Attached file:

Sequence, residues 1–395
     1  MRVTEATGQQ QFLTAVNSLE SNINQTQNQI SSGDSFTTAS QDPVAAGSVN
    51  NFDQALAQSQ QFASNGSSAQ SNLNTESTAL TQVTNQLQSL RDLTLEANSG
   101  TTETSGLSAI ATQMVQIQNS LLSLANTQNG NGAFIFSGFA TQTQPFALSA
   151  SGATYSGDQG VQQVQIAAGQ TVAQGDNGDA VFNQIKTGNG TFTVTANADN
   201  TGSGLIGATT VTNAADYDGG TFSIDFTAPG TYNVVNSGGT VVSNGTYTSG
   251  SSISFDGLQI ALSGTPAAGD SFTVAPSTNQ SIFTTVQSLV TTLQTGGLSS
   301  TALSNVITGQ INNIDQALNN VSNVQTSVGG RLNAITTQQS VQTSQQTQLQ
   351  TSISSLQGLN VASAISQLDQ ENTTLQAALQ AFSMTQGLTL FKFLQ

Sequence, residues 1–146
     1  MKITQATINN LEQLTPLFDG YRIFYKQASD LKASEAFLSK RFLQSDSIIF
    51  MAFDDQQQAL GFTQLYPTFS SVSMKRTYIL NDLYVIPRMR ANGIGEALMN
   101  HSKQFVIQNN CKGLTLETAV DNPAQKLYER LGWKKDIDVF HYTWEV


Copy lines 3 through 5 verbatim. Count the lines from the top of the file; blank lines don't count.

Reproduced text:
    51  NFDQALAQSQ QFASNGSSAQ SNLNTESTAL TQVTNQLQSL RDLTLEANSG
   101  TTETSGLSAI ATQMVQIQNS LLSLANTQNG NGAFIFSGFA TQTQPFALSA
   151  SGATYSGDQG VQQVQIAAGQ TVAQGDNGDA VFNQIKTGNG TFTVTANADN